Pemphigus vulgaris is a blistering disease associated with autoantibodies to the desmosomal adhesion protein, desmoglein 3. Genetic deficiency of desmoglein 3 in mice mimics autoimmunity to desmoglein 3 in pemphigus vulgaris, with mucosal-dominant blistering in the suprabasal layer of the epidermis. Mice with an epidermal-specific deletion of desmocollin 3, the other major desmosomal cadherin isoform expressed in the basal epidermis, develop suprabasal blisters in skin that are histologically identical to those observed in pemphigus vulgaris, suggesting that desmocollin 3 might be a target of autoantibodies in some pemphigus vulgaris patients. We now demonstrate that desmocollin 3 is an autoantigen in pemphigus vulgaris, illustrated in a patient with mucosal-dominant blistering. Six of 38 pemphigus vulgaris and one of 85 normal serum samples immunoprecipitate desmocollin 3 (P = 0.003). Incubation of patient IgG with human keratinocytes causes loss of intercellular adhesion, and adsorption with recombinant desmocollin 3 specifically prevents this pathogenic effect. Additionally, anti-desmocollin 3 sera cause loss of keratinocyte cell surface desmocollin 3, but not desmoglein 3 by immunofluorescence, indicating distinct cellular pathogenic effects in anti-desmocollin and antidesmoglein pemphigus, despite their identical clinical presentations. These data demonstrate that desmocollin 3 is a pathogenic autoantigen in pemphigus vulgaris and suggest that pemphigus vulgaris is a histological reaction pattern that may result from autoimmunity to desmoglein 3, desmocollin 3, or both desmosomal cadherins.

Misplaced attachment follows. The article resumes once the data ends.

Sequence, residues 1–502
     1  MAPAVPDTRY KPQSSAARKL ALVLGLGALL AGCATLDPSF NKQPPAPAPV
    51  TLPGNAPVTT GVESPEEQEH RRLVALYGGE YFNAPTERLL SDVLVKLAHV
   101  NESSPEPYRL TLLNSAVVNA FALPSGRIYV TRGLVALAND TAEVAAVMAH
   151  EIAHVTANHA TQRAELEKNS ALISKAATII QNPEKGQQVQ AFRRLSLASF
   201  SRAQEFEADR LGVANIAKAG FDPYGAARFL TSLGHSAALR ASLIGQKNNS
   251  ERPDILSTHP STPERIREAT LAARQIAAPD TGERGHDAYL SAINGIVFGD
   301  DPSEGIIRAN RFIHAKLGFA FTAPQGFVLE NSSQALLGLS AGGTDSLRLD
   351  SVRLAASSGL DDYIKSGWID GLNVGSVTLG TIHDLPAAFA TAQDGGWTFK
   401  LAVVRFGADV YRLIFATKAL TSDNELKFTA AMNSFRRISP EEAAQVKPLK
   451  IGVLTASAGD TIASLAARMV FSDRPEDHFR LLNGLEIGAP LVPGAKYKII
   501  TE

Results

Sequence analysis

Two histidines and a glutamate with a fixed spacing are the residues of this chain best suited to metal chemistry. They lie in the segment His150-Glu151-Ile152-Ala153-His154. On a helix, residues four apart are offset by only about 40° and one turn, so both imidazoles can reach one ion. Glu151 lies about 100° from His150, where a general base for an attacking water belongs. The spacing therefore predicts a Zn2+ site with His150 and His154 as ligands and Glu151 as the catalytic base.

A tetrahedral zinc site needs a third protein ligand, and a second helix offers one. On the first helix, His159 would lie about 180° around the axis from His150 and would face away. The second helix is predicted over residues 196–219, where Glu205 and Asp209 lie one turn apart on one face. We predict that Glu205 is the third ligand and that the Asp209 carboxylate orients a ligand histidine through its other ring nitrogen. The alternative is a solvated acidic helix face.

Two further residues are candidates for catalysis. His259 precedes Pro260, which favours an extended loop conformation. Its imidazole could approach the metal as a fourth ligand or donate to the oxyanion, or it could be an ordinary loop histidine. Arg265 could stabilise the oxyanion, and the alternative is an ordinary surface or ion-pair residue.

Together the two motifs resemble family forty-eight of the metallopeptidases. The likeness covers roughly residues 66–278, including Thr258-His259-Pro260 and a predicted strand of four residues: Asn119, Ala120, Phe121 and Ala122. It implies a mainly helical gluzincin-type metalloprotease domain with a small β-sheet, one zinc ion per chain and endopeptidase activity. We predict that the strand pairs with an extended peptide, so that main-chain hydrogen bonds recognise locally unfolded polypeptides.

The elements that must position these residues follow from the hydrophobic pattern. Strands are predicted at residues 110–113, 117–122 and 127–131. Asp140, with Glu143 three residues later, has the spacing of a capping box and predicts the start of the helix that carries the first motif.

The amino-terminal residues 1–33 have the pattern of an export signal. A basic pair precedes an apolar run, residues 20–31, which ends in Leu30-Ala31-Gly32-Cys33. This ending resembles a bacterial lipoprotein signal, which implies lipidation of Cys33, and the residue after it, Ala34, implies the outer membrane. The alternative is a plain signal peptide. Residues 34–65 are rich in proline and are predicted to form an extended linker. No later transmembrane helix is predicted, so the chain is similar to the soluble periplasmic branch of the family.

ASJC Scopus subject areas
- Pathology and Forensic Medicine